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Solving over six thousand woes with a custom pak format

Posted by , 03 December 2013 · 374 views

Greetings all,

A series of recent technical difficulties has brought about a need for change...

Rooms in Revel Immortal

As some of you may know, Revel is composed of many, many screen-sized rooms; which collectively make up one whole map.
And yet within Revel there are many maps; Garranshall, a map in Revel is composed of 80x80 (or 6400) rooms.

Each room is a file; which seems, and maybe be somewhat absurd but there are some good reasons for it...

Revel, is an HTML5 game

... or 'web-game' if you will; users don't install anything so, we only give them data they request and need.
since you can only see one room at a time, serving single rooms on request makes good sense for everyone.

It was very important per-alpha and post-alpha to focus on content...

This means we only went on technological side-roads when it was deemed critical; and having an 80x80 map in 80 directories of 80 files each, was a simple, fast way to express the data and still have it be workable for the end user.

Also having each room as a single .json file meant we could do sweeping find-replace transformations, in an era when we did not have strong editing tools (we couldn't afford the time to build them yet).

But now this format is killing us softly...

As our number of maps grow, we are getting more and more discrete room files (as if 6400 wasn't enough); this is putting nominal per-file load on things like, cloning directory strcuture, adding, commiting to SVN.

But there have been two final straws that have killed this format...

You just can't load 6400 tiny json files real-time for a sweeping overview of the map

Now that we have powerful tools in the form of the Revel Editor, it has been a goal and neccesity to better grok and visualize the world-at-large in Revel... to do this even just for Garranshall would mean loading up and processing 6400 files, and it seems at least commodity hard disks just can't hack it.

While I might be able to, throwing hardware at this problem is not desireable as I think this use case is just plain wrong; and heck with 16GB of RAM on my development machine I'm not making effective use of it.

The other straw is that soon, hopefully very soon; we will no longer just be serving direct file linkages to resources such as rooms.

Hopefully around April, we will be reaching beta-stage

and with that... players will be able to purchase keys (or a one-time master key) to unlock access to realms that aren't part of the free areas in Revel.

In order to make this semi-secure we need to start validating requests for certain resources against a players' keyring; and while it is a simple matter of validating their key, fetching the file and returning it with proper headers;

All of a sudden the simplicity of direct file linkage is null and void, we get no benefit from it.

So, after talking with other programmers here on GameDev chat, and other programmers on the Revel team; we devised a simple format that should solve all the identified issues.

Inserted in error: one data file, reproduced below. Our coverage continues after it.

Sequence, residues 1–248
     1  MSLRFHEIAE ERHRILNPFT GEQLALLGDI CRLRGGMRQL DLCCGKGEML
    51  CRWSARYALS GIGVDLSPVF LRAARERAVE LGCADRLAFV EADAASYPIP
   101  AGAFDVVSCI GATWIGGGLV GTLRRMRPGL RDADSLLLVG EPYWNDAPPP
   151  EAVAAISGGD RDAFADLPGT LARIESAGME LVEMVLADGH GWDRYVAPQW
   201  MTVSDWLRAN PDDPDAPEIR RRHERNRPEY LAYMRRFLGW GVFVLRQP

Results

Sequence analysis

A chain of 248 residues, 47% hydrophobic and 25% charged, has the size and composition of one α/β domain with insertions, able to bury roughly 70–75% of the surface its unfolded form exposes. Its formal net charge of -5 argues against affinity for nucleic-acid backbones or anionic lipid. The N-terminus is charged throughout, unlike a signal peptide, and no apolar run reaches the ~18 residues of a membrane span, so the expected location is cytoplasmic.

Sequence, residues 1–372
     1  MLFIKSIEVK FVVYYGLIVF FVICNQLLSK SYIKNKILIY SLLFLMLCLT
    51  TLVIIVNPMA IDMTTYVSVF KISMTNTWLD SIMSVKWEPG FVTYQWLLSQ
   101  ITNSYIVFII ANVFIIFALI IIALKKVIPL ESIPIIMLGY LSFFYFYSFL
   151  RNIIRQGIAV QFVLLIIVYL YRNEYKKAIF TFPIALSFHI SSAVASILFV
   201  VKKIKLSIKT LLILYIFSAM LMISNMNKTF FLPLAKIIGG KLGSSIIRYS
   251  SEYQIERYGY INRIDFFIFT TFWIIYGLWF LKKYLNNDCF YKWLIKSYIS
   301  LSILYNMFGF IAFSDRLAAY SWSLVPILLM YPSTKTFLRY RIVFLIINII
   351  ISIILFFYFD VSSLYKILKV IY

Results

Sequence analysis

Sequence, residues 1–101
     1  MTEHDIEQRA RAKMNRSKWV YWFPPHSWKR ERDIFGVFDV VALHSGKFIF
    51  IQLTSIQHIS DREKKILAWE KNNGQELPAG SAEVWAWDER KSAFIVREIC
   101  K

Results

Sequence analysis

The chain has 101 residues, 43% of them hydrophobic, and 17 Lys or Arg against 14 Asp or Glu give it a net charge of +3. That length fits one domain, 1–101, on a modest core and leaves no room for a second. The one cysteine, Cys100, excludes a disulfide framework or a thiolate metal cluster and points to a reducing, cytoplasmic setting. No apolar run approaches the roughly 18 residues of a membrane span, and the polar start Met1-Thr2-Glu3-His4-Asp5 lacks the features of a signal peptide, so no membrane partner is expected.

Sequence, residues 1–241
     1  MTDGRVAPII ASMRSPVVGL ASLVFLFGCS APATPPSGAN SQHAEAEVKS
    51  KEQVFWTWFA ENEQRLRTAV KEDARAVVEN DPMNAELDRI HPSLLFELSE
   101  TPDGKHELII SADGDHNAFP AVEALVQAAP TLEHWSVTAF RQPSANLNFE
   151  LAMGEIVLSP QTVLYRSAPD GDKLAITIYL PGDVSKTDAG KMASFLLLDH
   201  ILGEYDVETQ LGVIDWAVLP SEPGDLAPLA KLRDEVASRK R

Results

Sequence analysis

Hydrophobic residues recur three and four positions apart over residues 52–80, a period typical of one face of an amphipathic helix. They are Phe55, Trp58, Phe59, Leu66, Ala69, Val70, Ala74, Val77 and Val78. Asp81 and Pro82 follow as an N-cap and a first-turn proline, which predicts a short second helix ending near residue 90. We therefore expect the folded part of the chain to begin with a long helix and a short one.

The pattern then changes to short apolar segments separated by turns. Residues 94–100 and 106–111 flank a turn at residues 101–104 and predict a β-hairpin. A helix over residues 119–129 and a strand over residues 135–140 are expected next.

A custom 'pak' format

I've written plenty of archive-type formats in the past, so I knew all the common pitfalls; the only new elements here were that I planned to frequently update the archive, and a single file request from the archive needed to be fast (due to the stateless nature of the CGI that would fetch room files).

...in addition a fairly flexible format was desireable so it could be tightly integrated into our server code, since it serves all such HTML5 games we might build and release.

The Format

I started from the angle of the end-use, as it was going to get the most 'hammering' and we had the least amount of control at the server level, what I came up with is as such:
fileCount //- 4 bytes - the number of toc lines (and fragments) in the file

//a toc line
offset //- 4 bytes - the offset from the end of this toc line to the start of the file data
size //- 4 bytes - the size of the data

//file data
//all of the file fragments lined up next to one another
This is a fairly common format scenario that many of you may recognize; with one exception being perhaps offset being calculated from the end of the toc line.

With this form, requesting a single file simply becomes a matter of:
  • Open the file stream
  • Read 4 bytes to get file count
  • Validate requested file index is in range (>=0 <fileCount-1)
  • seek to proper toc line +(fileIndex*8)
  • read 4 bytes of offset and 4 bytes of size
  • seek to +offset
  • read and return 'size' bytes
This is all sequential, no back-tracking, and no reading of unneccesary data.

From the editor side, I've written a class that makes creation/reading of this file format easy.

It is designed to be worked in-memory; which should hopefully save my HDD any undue stress, and use that 16GB of RAM ;)

FragFile f = new FragFile(100);
f.Write(0, "zero");
f.Write(2, "two");
f.Write(1, "one");
FragFile f2 = new FragFile("G:\\test.frag");
string val1 = ASCIIEncoding.ASCII.GetString(f2.Read(2));

Have you started to stress test this?

Ohhhh this is where the 64 hundred files was coming from :D

@Navyman - it hasn't been stressed yet; due to the nature of this change; I ideally need to integrated it into Engine, Editor, Server software, and of course do a data migration in one shot.


Hopefully that will happen this week; last night was spent finishing off previously noted changes to the NPC conversation system (which seems to be playing nicely); and furthering quest content.

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